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"We Tibetans are looking for a legitimate and meaningful autonomy, an arrangement that would enable Tibetans to live within the framework of the People’s Republic of China."

How China sees the Dalai Lama and his cause

April 5, 2008

By Pallavi Aiyar
Daily Mirror
Friday, April 04, 2008

What those urging China to negotiate with the Dalai Lama fail to
recognise is the fact that Beijing’s main constituency is not the
international community but its own domestic public. For Beijing to
appear ‘soft’ on the Dalai Lama would be as politically unpalatable
domestically asit would be in the United States were Washington to
decide to engage in dialogue with Osama bin Laden.

With tensions in Tibet continuing to bubble, pundits and politicians in
both India and the West are increasingly calling for talks between the
Chinese government and the Dalai Lama.

One argument supporting the utility of talks between the Chinese
leadership and the pre-eminent Tibetan Buddhist leader reasons that
contrary to the dominant belief in Beijing, the Dalai Lama is in fact
China’s best bet for a long-term and stabl e solution to the Tibet
issue. Only the Dalai Lama has the stature and authority to convince the
Tibetan population at large that its interests lie within rather than
separate from China, this line of reasoning proceeds. Thus it is argued
that if Beijing loses out on the opportunity to reach an accommodation
with the exiled leader now, it may end up with an even more
unpredictable and hard to control situation regarding Tibetan
aspirations for self-determination after the Dalai’s death.

Others are urging the Chinese leadership to negotiate with the Dalai
Lama to prove to the world that it “deserves” to host the Olympic Games.
Beijing will be able to boost its international image and prove its
critics wrong if only it would agree to talks, it is claimed.

What neither of these arguments takes into account, however, is how
strongly divergent perceptions of the Dalai Lama within China and
abroad, combined with the deep vein of government-stoked nationalism
that runs through contemporary Chinese society, mak it virtually
impossible for Beijing to sell any potential deal reached with the Dalai
Lama to its public. While in the West the Dalai is widely seen as a
Nobel prize-winning, peace-loving figure of moral authority, within
China the monk is regularly projected as not only a separatist but also
a duplicitous trouble-maker not above unleashing violence.

In the aftermath of the recent riots and protests in Tibet, Internet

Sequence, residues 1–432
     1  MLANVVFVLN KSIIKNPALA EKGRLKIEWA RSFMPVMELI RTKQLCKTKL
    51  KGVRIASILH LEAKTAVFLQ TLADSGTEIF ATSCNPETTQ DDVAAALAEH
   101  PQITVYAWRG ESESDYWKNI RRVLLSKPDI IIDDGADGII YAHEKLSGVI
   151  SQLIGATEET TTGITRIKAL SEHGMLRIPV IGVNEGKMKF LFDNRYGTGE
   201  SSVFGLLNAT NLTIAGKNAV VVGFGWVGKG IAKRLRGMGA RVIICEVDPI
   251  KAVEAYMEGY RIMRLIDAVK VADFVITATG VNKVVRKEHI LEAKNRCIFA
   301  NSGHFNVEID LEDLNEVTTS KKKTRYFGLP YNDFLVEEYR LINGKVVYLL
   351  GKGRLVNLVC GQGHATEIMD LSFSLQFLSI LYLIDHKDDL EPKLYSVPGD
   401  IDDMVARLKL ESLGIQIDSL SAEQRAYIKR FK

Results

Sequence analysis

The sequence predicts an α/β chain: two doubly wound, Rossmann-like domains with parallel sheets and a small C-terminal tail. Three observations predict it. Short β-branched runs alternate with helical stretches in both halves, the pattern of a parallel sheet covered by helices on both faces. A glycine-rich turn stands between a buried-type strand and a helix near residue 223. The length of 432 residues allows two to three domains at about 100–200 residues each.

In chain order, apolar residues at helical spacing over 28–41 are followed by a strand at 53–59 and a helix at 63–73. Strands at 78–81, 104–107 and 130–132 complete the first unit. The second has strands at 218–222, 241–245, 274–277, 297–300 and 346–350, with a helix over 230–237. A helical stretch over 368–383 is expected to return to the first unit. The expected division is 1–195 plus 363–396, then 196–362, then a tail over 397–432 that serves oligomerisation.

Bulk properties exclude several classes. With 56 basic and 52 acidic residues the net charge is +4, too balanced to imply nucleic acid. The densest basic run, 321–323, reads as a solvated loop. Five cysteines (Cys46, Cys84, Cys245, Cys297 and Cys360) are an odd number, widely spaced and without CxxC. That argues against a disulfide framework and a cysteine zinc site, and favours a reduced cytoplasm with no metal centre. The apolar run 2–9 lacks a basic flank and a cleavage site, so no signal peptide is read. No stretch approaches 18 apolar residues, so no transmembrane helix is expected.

chat rooms in China are abuzz with anger and indignation at what many
see as the biased portrayal of the situation by the western media and
the ‘hypocritical’ actions and statements of the Dalai Lama.
Revealingly, many Chinese have even lashed out at the authorities for
their ostensible leniency in dealing with the protests, in sharp
contradistinction to the ‘repressive crackdown’ most commentators abroad
have criticised Beijing for.

The majority of Chinese have little awareness that there is a Tibet
problem at all. Although a relatively high-profile issue abroad, thanks
in part to the efforts of Hollywood, within China Tibet is usually far
less prominent in the consciousness of the average Chinese than Taiwan.
In school, Chinese youngsters are taught how the region has only
benefited from Communist rule. The feudal theocracy of the Dalai Lama
was replaced by the enlightened policies of the People’s Republic, they
are told, with the result that Tibet has enjoyed rising living standards
and economic development.

While the Dalai Lama is portrayed as a sinister figure working to split
Tibet from the Chinese nation, he is also described as having little
support among the Tibetan population at large. When I gave a lecture to
a class of about 50 students at one of Beijing’s top journalism
universities a few years ago, I discovered that not one of the bright,
young things I was talking to was aware that the Dalai Lama had won the
Nobel prize.

Moreover, many Chinese regard Tibetans as being unfairly privileged
since they are granted certain special subsidies and benefits from the
government because of their ethnic status. For example, they are
exempted from the one-child policy that restricts urban Han Chinese
families to a single child.

Given this background, the TV footage and photographs of rampaging monks